S76 Operational uses of Spectrum Width to Improve Warnings for Quasi-Linear Convection in the Western Great Lakes

Sunday, 10 January 2016
Hall E ( New Orleans Ernest N. Morial Convention Center)
Brett Borchardt, NOAA/NWS, Romeoville, IL; and E. Lenning and M. Friedlein

A quasi-linear convective system (QLCS) such as a derecho, bow echo, or squall line can produce significant wind damage over wide areas. It has long been hypothesized that swaths of prolific damaging winds and embedded tornadoes within QLCSs are related to so-called mesovortices that form rapidly along the leading edge of convective systems. The environmental parameters and microphysical evolution of mesovortices are becoming increasingly well understood from a theoretical perspective. In operational settings, however, challenges remain on how to differentiate between damaging and non-damaging mesovortices in time to issue appropriate warnings.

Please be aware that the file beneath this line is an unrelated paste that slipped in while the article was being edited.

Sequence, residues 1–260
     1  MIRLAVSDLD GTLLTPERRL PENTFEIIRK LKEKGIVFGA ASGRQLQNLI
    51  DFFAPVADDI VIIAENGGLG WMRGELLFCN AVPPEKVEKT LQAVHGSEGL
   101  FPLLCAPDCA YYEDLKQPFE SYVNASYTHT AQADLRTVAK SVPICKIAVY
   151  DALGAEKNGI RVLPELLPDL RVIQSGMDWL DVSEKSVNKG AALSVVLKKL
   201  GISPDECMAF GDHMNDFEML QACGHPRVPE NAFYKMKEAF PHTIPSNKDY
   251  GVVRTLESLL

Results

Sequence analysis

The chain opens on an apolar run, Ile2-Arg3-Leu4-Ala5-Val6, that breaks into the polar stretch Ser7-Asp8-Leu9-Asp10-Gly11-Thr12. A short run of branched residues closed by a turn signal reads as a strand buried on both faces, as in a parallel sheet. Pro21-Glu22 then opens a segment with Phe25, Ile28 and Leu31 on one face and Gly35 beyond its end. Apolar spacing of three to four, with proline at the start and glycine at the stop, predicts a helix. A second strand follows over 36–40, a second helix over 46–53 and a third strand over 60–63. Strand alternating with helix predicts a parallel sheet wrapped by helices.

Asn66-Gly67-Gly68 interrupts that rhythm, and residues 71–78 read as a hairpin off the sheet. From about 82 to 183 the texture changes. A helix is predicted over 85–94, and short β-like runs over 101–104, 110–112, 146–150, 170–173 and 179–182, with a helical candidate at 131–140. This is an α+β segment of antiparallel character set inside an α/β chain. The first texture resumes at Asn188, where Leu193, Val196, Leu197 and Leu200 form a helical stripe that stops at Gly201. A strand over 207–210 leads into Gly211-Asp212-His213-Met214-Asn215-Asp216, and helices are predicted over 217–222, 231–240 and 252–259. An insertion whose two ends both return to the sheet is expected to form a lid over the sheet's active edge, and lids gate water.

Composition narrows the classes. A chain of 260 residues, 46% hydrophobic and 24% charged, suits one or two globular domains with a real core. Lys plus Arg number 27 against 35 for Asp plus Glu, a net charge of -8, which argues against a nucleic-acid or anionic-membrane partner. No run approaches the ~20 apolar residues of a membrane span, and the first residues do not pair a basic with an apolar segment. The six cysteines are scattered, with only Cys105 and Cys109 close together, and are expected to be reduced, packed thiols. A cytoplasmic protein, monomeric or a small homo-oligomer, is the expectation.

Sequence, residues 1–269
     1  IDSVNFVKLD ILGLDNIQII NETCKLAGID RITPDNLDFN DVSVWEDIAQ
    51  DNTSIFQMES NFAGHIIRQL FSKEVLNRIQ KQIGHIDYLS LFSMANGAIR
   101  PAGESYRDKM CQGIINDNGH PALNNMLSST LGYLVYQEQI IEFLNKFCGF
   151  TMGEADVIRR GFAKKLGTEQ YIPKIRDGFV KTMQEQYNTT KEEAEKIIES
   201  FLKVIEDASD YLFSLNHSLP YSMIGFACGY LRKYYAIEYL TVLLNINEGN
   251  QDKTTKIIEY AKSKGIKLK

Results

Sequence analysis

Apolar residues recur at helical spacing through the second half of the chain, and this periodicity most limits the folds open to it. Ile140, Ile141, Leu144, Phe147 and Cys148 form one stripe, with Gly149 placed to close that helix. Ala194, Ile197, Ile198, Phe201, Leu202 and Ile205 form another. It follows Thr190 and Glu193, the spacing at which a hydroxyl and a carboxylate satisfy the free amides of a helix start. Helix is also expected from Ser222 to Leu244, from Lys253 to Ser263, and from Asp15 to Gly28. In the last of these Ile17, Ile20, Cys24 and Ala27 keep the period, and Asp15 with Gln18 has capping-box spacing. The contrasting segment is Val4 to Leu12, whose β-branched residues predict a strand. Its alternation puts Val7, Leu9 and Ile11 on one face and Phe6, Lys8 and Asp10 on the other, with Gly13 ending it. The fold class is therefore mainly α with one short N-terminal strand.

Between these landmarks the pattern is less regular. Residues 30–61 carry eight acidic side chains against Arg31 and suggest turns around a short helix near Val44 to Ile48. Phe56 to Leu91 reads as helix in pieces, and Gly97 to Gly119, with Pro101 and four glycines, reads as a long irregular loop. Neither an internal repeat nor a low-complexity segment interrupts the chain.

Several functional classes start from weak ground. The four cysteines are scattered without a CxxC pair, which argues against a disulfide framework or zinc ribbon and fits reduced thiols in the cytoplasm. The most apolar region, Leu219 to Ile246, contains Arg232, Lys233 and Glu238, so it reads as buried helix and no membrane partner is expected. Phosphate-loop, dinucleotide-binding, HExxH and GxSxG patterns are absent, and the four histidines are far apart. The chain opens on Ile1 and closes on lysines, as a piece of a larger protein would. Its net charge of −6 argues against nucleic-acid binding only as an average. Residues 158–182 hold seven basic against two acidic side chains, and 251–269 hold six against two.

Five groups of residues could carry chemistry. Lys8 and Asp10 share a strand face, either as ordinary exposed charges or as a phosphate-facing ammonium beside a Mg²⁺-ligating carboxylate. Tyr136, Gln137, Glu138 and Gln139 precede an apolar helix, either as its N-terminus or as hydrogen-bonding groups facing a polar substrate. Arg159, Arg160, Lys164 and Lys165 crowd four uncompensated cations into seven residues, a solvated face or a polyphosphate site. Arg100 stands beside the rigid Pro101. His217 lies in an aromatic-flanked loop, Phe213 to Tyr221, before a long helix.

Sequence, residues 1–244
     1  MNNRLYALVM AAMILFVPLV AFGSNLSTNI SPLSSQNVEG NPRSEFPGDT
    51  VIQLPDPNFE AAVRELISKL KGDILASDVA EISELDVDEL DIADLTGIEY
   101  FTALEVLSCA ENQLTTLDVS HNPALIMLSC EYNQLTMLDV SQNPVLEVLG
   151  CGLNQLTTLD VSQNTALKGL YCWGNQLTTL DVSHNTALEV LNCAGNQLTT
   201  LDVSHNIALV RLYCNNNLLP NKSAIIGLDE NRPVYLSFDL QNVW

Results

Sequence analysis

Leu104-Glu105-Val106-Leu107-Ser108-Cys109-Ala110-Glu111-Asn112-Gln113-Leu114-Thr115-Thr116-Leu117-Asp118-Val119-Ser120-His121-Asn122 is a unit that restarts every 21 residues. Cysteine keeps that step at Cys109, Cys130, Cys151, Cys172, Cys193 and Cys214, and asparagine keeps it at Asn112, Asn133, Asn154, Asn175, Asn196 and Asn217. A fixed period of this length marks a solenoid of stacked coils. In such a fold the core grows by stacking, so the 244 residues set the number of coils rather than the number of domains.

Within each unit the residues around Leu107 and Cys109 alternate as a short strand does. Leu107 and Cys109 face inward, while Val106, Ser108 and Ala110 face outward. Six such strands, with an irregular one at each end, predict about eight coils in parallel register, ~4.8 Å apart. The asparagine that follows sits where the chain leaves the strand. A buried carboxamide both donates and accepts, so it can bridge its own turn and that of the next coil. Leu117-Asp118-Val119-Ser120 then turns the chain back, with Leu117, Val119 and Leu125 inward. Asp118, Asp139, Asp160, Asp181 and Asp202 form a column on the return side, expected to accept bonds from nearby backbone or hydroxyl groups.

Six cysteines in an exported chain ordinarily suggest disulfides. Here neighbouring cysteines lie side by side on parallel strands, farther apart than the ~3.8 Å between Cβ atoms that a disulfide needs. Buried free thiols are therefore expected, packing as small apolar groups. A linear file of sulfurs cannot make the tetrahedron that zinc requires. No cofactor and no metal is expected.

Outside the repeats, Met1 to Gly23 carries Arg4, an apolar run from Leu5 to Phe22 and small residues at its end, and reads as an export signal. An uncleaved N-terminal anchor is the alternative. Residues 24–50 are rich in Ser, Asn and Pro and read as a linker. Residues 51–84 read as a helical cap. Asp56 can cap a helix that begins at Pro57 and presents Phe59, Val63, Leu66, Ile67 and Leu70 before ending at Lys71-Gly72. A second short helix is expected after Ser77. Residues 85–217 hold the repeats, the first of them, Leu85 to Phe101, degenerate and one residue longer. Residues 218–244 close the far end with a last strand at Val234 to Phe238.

Within a western Great Lakes domain, 78 unique mesovortices were analyzed from eleven recent damaging QLCS events. It was found that damaging circulations tend to have stronger rotational velocities, greater depths, and lifespans longer than non-damaging mesovortices. Furthermore, 82% of the cataloged damaging circulations were co-located with a compact maximum in spectrum width (SW), which the author calls the “SW Signature.” Circulations that possessed the signature themselves tended to have stronger rotational velocities and greater depths than those that did not. Additionally, a separate SW signature in the shape of a “C” or “ring,” deemed the “SW Ring Signature,” was observed with particularly damaging circulations. The rotational velocity and circulation depth for mesovortices with the SW Ring Signature tended to be much greater than circulations with the basic SW Signature or no signature altogether. Furthermore, the structure of the SW Ring Signature may indicate the presence of microvortices within the parent rotation, potentially allowing for forecasters to identify multiple hazards such as simultaneous tornadoes. While SW has been studied and used in operational settings including for the detection of mesovortices, the latter signature, to the author's knowledge, has not been extensively studied or documented in relevant literature. When co-located with strong rotational velocities, both SW signatures appear to be promising ways to identify and possibly increase warning lead times for circulations that have a greater potential to produce damage.

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